Wednesday, 8 April 2015

Real Estate Bill and it Benefits the Home Buyers

Prime Minister Narendra Modi's government on Tuesday approved changes to a Bill that seeks to regulate the country's property MARKET, notorious for black money and delayed possessions. The Real Estate (Regulation and Development) Bill, 2013 is aimed to protect the interest of consumers from errant developers and ensure timely execution of projects.
Mantri Developers Review


Here are 10 ways how the Bill will help property buyers:

1) Each state will get a real estate regulator; all housing and commercial projects will have to be compulsorily registered with the regulator so that buyers can have access to genuine projects. The real estate regulator will settle disputes and impose compensation.

2) Promoters will have to disclose layout plans and submit clearances for the project with the regulator. They will also have to name the contractor, architect, structural engineer, etc. associated with the project. This will ensure transparency about property projects.

3) To ensure projects are completed on time, promoters will have to deposit 50 per cent of the amounts realized from buyers in a separate bank account within 15 days.

4) Developers will need the consent of two-third buyers to alter plans, structural designs and specifications of the building.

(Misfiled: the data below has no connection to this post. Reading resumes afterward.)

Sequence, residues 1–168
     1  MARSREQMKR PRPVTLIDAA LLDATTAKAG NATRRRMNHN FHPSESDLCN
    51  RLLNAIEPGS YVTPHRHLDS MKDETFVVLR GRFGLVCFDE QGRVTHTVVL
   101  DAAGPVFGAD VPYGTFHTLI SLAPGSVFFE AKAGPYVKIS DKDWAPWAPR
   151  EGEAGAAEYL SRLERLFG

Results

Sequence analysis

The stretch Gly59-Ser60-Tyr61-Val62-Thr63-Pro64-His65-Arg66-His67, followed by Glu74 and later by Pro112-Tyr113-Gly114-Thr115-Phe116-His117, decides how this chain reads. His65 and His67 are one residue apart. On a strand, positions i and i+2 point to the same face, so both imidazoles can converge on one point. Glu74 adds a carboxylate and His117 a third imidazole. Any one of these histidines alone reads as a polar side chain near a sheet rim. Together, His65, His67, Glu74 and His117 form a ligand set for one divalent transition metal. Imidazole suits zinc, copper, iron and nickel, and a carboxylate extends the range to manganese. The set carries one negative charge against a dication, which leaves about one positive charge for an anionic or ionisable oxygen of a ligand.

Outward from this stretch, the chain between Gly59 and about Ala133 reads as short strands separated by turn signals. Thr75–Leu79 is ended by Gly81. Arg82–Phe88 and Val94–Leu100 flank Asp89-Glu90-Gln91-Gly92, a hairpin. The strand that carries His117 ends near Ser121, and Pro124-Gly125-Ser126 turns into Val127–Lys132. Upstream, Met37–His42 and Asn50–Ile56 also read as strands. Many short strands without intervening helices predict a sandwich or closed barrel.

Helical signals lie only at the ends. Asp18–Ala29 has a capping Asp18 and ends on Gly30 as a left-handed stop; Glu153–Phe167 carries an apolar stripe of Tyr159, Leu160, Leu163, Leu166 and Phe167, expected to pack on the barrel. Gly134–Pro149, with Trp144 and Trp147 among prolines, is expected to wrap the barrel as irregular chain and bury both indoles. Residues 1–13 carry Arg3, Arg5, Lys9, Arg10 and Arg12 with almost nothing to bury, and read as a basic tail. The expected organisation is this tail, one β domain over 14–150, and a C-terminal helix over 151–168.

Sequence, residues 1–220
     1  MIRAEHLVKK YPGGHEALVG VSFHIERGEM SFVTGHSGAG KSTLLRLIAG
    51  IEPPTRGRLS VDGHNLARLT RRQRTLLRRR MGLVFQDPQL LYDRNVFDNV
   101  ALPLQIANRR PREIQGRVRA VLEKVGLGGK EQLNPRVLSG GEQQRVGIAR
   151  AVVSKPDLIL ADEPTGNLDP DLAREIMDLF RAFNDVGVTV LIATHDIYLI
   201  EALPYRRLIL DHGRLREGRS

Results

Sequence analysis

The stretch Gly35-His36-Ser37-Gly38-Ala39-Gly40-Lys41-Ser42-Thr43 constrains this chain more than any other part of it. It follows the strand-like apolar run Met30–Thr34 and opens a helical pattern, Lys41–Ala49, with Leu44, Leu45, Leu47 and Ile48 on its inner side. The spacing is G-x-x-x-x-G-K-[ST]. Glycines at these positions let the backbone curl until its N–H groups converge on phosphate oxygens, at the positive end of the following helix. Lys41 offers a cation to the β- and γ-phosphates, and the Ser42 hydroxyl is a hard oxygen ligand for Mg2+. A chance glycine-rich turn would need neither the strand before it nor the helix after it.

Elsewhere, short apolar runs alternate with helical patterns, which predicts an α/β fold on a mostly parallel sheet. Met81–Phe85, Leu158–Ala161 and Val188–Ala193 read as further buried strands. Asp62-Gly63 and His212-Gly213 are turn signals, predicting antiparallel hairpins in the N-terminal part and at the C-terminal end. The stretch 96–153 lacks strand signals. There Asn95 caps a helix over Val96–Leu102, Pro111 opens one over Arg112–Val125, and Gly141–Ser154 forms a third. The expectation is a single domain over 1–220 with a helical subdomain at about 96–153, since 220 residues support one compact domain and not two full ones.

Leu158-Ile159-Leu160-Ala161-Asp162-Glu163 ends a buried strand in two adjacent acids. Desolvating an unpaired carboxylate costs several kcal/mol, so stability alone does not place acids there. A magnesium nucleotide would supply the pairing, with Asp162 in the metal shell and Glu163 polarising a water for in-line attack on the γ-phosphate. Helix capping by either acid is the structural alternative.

5) Developers will have the responsibility to rectify structural defects and refund money in cases of default.

6) Brokers, who intend to sell flats and plots in a project, will also have to get registered with the real estate regulator. They will be punished for non-compliance.

7) Buyers can claim refund with interest and compensation if promoters fail to deliver projects in time.

8) If rules are violated, projects will be de-registered and penalties will be imposed on the developer.

9) Builders often demand part payment in cash, making many ordinary buyers party to corruption. The Bill will help curb undeclared "black money" in property markets that costs the government billions of rupees in lost taxable income.

10) To seek redressal of grievances such as delayed possession of flats or sudden alteration in building plans, home buyers can approach consumer courts.

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